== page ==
BlastMatch Fire Starter

After a knife, I'd say that having a fire starting tool the most important part of my survival gear. As such, I've tested out a few fire starts one of which is the the BlastMatch made by Ultimate Survival. This company also makes the WetFire tinder that I love and wrote about in a previous article. This fire starter isn't revolutionary, but it does provide some benefits over traditional flint striker.

At its simplest, the BlastMatch is a plastic housing for a cylindrical piece of flint. When not in use, the flint completely surrounded by the plastic. When in use, the plastic flips open to reveal one end of the flint. And with one hand it is possible to easily create several sparks by pressing down on the flint and allowing a small metal plate to scrape across the flint.

In practice, the BlastMatch works as advertised. I found it quite easy to set off numerous sparks repeatedly with little effort and sometimes even got the WetFire tinder I was testing with to light on the first try. The size of the flint pretty much ensures that you won't need to replace it any time soon.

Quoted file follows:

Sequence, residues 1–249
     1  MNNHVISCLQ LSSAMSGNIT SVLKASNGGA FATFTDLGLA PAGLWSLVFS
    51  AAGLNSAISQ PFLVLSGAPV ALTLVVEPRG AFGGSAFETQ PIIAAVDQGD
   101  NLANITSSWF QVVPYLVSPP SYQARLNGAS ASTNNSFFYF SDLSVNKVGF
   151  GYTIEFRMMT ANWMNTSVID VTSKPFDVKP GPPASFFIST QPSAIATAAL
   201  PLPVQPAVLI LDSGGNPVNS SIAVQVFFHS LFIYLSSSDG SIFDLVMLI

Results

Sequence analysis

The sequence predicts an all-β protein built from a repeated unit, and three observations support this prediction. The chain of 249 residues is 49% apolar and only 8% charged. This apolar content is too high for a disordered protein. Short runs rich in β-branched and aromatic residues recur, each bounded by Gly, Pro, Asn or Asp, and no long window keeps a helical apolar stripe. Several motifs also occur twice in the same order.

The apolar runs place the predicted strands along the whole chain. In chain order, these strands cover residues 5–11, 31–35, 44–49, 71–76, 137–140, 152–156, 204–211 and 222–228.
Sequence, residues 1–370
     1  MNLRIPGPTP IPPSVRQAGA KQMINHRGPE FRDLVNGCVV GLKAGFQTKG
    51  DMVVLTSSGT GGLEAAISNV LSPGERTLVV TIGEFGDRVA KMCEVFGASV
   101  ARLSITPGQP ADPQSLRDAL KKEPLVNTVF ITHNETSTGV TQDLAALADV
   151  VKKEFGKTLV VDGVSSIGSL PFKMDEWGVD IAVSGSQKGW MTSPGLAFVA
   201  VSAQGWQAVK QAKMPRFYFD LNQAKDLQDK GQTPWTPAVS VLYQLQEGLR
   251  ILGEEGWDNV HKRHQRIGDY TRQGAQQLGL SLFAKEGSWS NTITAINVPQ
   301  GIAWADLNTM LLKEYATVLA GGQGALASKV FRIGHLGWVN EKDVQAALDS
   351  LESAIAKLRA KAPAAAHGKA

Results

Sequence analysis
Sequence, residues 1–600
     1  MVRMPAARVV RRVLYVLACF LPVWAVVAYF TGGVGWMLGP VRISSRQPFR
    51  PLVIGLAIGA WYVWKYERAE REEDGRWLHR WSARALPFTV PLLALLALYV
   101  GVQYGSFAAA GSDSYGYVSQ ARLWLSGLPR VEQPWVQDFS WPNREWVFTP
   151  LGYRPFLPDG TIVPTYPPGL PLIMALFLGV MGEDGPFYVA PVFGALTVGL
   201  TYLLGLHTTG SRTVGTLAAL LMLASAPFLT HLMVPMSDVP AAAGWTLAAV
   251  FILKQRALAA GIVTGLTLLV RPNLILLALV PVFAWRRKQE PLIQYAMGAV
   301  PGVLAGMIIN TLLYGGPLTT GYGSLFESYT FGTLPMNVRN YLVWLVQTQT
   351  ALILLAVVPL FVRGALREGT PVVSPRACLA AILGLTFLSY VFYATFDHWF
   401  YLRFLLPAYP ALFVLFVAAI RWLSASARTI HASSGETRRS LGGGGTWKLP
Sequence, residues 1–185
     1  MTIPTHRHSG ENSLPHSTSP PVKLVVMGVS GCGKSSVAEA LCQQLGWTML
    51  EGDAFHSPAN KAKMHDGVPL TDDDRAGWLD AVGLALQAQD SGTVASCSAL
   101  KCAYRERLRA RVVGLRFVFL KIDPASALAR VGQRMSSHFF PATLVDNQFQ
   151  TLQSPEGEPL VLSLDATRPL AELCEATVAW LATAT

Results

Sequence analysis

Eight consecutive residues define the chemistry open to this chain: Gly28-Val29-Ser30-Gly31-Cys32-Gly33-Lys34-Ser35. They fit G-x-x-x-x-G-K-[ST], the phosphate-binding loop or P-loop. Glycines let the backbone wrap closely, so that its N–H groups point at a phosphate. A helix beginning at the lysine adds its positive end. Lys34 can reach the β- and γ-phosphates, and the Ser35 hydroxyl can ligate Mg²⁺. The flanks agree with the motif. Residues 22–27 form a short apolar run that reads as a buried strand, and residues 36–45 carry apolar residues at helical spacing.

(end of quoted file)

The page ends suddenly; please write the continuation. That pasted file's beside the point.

One drawback of the BlastMatch is that it is bulkier than a simple flint and magnesium fire starter. This is due to the large flint stick and the plastic casing. In addition, there is no magnesium tinder included so you'll have to locate tinder on your own. The final issue I had was that the metal striker popped out during some testing and there is no way to put it back in. Fortunately this doesn't render this fire starter completely useless as you can using a knife and probably a stone to generate the sparks, but doing so completely eliminates the one-handed benefit.

My verdict is that the BlastMatch can be a useful addition to your survival gear as long as the bulk doesn't bother you. For those with space issues, I'd suggest sticking to a one-piece and smaller flint / magnesium combo.

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    My general purpose shows are from Lowa. Not sure of the actual model. They're water-proof (Goretex) and the low-cut since I'm most active in warm weather. The treads are good for hiking and scrambling up rocks.

  2. What shoes do you use? Are they water proof? Also are they more geared for climbing or do you use shoes that are geared for the type of environment you will be in, jungle, desert, frozen tundra etc?

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